>>>Wrangells, Coast Alaska, Central NWT, Southern Alaska, have been
>>>collected by the authors and are either not archived at all or
>>>archived in obsolete versions.
>>>In order that this submission comply with AGU policies on data
>>>archiving, I request that you require D'Arrigo et al. do (1)
>>>provide accurate data citations complying with AGU policies for
>>>all data sets presently archived at WDCP; (2) archive all "grey"
>>>data used in the article.
>>>The results of this article depend on methodological details,
>>>especially as to standardization procedures. However, these
>>>procedures are not described in objective or operational terms. I
>>>will illustrate some examples below:
>>> Page 21 � "In select cases, a power transform (PT) was applied
>>> to correct for data biases. This bias was assessed by correlation
>>> and residual analysis against both local and large scale
>>> temperature series." In which cases was PT applied and what were
>>> the objective criteria in the correlation and residual analysis,
>>> which were used to determine whether this should be applied.
>>>Page 21 � "Due to differing populations in the TR data, the
>>>data-sets were often grouped into 'common' populations. No one
>>>strategy is appropriate for all data-sets and careful evaluation
>>>of each composite data-set was made." That's nice, but what were
>>>the operational criteria which were used to allocate each case to
>>>the 5 different alternative procedures.
>>>Page 7 � "The standard error of the regression estimate (standard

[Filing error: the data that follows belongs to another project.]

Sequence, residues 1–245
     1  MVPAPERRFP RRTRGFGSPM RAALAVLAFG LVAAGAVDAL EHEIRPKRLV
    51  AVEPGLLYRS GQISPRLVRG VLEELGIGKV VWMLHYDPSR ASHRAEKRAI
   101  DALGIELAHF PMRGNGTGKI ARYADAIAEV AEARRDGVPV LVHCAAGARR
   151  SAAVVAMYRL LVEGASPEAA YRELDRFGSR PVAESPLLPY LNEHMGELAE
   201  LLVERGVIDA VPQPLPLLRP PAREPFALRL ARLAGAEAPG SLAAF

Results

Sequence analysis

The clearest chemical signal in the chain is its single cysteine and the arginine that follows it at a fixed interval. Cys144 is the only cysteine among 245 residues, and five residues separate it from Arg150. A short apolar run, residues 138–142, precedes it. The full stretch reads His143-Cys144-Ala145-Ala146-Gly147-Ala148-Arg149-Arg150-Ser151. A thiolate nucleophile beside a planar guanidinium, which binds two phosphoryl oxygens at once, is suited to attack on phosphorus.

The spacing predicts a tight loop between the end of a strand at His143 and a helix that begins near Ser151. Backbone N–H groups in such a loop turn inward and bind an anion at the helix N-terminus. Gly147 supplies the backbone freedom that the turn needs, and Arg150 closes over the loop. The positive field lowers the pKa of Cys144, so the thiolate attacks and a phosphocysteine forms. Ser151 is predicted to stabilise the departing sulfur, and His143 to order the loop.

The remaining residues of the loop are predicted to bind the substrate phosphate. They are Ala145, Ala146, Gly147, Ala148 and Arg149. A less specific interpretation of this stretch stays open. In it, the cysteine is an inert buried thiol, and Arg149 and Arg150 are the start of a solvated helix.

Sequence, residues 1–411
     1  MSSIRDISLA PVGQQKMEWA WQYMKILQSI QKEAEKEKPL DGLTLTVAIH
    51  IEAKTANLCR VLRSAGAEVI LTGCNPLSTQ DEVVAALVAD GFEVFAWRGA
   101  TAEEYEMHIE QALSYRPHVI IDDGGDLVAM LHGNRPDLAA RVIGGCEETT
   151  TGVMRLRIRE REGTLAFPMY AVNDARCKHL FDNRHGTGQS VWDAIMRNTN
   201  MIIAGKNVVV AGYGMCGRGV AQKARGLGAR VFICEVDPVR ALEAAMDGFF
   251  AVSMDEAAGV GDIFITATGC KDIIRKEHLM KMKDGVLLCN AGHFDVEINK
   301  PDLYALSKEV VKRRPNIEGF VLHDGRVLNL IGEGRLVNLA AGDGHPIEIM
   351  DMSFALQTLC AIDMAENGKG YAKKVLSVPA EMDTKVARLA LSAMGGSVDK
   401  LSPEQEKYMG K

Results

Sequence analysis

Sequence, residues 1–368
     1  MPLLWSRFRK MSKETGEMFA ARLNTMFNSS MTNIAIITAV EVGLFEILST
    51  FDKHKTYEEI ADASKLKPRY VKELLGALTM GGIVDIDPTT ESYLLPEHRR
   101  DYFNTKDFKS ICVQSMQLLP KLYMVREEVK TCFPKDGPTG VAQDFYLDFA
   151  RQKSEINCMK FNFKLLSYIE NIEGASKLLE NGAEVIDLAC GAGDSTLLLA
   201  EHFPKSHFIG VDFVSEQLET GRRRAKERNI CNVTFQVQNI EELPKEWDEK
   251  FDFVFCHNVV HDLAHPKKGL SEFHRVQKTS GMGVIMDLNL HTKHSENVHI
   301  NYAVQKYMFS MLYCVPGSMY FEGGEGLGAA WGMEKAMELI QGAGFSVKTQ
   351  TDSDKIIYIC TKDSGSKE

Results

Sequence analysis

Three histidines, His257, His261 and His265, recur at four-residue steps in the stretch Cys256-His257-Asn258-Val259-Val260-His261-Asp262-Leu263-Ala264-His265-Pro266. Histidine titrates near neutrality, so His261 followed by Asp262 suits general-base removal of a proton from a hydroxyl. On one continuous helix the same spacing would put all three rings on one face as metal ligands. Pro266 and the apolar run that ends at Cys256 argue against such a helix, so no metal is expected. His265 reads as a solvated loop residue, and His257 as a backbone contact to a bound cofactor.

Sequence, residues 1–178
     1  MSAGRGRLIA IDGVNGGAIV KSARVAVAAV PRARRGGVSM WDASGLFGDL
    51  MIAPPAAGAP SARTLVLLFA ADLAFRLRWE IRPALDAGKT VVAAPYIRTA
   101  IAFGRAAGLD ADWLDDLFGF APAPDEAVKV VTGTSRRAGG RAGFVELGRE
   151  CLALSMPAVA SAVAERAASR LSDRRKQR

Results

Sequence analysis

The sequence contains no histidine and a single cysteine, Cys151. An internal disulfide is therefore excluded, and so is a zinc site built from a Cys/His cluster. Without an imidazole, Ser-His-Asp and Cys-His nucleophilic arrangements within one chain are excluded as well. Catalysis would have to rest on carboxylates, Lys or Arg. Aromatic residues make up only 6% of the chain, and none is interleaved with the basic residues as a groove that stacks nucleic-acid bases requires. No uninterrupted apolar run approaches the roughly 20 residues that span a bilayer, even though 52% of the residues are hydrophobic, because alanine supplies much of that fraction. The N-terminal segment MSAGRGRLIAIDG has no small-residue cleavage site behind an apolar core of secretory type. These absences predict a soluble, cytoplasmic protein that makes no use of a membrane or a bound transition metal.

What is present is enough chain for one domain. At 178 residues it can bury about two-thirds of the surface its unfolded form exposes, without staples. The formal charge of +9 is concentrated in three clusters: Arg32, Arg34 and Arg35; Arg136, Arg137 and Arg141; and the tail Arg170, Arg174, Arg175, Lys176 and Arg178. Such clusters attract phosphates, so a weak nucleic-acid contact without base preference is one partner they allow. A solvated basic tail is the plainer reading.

>>>deviation of the regression residuals) from the full period
>>>calibration was used to generate the 2 sigma error bars and this
>>>was also adjusted (inflated) to account for the change (decrease)
>>>in explained variance in each nest." � The last adjustment is not
>>>described in operational terms. Shouldn't the standard error be
>>>realistically measured by the standard deviation from the
>>>verification period residuals?
>>>Page 20. "Successful modeling of paleoclimate data with the high
>>>temperatures of the late 1990s is essential if we are to make
>>>robust, definitive conclusions about past temperature amplitudes
>>>and variability." Abstract � "presently-available paleoclimatic
>>>reconstructions are inadequate for making specific inferences, at
>>>hemispheric scales, about MWP warmth relative to the anthropogenic
>>>period and that such comparisons can only still be made at the
>>>local/regional scale." Page 13. "After this period [mid-1980s],
>>>the divergence between the tree-ring and instrumental data results
>>>in weakening of calibration results and failed verification
>>>statistics". The authors contradict these caveats by proceeding to
>>>make a variety of inferences and claims "at hemispheric scales"
>>>about MWP warmth or lack thereof relative to the modern period. A
>>>comparison of their reconstruction to instrumental temperatures is
>>>prominently made in the Abstract, on page 10 and page 14. If the
>>>reconstructions are inadequate for making these inferences, then
>>>don't make them.
>>>Thank you for your consideration,
Dr Timothy J Osborn
Climatic Research Unit
School of Environmental Sciences, University of East Anglia
Norwich NR4 7TJ, UK